Lightening or Lightning?

What Is the Difference between "Lightening" and "Lightning"?

"Lightening" and "Lightning" are easy to confuse because they sound so similar (i.e., they are nearly homonyms). However, their meanings are quite different.
  • Lightening. "Lightening" means to make something lighter (in color/colour or weight). For example:
    • I'm lightening the bathroom with the leftover white paint.
  • Lightning. "Lightning" is the flash of light followed by thunder during a storm. For example:
    • Did you see that fork of lightning?
lightening or lightning

More about Lightening and Lightning

Writers are often confused between "lightening" and "lightning" due to their similar sounds and spellings.

Listen to how they are pronounced:


The word "lightening" comes from the verb "to lighten." It means to make something paler in color (small American flag) / colour (small British flag) or to reduce something in weight.

Example sentences with "lightening":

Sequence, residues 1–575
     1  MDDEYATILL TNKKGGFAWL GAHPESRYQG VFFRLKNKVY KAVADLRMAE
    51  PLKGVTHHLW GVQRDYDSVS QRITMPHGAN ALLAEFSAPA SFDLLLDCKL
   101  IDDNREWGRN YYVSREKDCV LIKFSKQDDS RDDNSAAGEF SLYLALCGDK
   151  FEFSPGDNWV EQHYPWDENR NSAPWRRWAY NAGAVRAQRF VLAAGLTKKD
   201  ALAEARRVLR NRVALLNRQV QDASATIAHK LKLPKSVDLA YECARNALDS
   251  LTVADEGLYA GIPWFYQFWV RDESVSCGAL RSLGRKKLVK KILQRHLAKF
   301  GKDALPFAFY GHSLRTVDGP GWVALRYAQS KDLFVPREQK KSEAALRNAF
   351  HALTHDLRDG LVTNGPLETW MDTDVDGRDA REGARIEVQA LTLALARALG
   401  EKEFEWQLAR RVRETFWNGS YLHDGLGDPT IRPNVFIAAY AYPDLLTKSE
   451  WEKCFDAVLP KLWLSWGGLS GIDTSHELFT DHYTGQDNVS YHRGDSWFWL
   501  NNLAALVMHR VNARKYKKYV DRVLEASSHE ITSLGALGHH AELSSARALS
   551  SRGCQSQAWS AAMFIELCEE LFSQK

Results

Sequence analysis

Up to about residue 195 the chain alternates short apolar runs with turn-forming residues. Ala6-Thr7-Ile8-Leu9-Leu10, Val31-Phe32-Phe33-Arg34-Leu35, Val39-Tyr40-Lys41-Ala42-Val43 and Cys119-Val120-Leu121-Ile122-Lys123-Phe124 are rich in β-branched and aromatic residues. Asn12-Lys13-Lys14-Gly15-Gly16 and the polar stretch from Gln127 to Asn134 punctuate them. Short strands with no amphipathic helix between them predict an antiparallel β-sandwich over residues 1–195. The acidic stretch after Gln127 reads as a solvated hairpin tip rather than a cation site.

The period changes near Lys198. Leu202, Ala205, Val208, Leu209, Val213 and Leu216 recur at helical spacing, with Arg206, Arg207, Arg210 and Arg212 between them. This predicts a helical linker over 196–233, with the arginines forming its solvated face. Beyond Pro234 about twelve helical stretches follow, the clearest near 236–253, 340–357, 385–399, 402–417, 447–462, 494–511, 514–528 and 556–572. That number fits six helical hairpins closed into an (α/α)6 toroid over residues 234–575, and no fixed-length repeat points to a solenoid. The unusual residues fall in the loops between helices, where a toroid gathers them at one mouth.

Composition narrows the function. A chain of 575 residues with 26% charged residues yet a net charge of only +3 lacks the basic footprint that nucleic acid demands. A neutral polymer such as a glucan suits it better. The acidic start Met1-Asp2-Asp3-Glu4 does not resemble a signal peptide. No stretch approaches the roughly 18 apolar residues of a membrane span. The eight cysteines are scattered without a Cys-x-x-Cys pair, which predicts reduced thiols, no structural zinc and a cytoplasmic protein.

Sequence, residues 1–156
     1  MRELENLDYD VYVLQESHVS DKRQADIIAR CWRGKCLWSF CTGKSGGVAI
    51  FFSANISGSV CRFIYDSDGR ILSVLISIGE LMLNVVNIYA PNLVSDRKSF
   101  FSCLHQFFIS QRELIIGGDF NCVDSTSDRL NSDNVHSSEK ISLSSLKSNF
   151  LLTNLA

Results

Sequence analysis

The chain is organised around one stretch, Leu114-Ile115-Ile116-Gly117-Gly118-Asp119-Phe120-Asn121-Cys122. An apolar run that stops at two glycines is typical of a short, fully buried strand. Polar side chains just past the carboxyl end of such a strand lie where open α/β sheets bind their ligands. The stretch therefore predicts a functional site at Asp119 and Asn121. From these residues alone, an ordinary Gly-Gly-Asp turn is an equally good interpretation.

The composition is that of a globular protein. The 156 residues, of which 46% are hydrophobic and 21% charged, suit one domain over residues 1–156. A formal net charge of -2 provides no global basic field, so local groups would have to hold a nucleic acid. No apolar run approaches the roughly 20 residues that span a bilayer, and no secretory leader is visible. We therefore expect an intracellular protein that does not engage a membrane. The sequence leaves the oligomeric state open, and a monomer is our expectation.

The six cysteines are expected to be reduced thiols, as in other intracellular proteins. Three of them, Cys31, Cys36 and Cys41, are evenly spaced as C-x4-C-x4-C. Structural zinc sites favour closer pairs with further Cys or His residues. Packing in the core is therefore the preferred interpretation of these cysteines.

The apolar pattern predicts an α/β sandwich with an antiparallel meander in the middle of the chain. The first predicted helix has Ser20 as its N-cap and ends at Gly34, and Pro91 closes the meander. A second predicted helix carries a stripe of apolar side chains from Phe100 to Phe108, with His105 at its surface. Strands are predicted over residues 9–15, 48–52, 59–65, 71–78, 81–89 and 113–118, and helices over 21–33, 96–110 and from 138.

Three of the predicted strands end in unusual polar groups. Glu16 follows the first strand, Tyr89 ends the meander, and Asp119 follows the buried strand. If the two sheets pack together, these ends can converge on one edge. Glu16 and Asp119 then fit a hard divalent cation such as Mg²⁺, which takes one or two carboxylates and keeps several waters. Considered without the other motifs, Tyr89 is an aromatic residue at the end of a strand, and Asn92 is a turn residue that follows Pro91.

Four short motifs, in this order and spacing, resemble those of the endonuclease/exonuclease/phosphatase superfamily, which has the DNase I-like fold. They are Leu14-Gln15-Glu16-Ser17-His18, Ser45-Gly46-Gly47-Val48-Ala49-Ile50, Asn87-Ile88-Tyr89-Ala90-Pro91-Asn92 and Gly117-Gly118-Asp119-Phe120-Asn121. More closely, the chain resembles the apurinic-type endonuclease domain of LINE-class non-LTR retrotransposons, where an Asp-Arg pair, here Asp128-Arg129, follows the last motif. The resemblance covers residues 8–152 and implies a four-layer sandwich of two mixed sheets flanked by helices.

• I had to throw away my dress after my failed attempt at lightening it. correct tick
  • Lightening the sacks will help us move the corn more quickly. correct tick
You will also see "lightening" being used figuratively. For example:
  • Making jokes is my brother's way of lightening the mood. correct tick
(Note: "Lightening" is the present participle of the verb "to lighten.")


The noun "lightning" is often seen in the term "thunder and lightning." In other words, "lightning" denotes a flash of light caused by the discharge of electricity in the atmosphere.

Example sentences with "lightning":
  • Thunder is good. Thunder is impressive, but it is lightning that does the work. correct tick (Writer Mark Twain)
  • Electricity is really just organized lightning. correct tick (Comedian George Carlin)
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This page was written by Craig Shrives.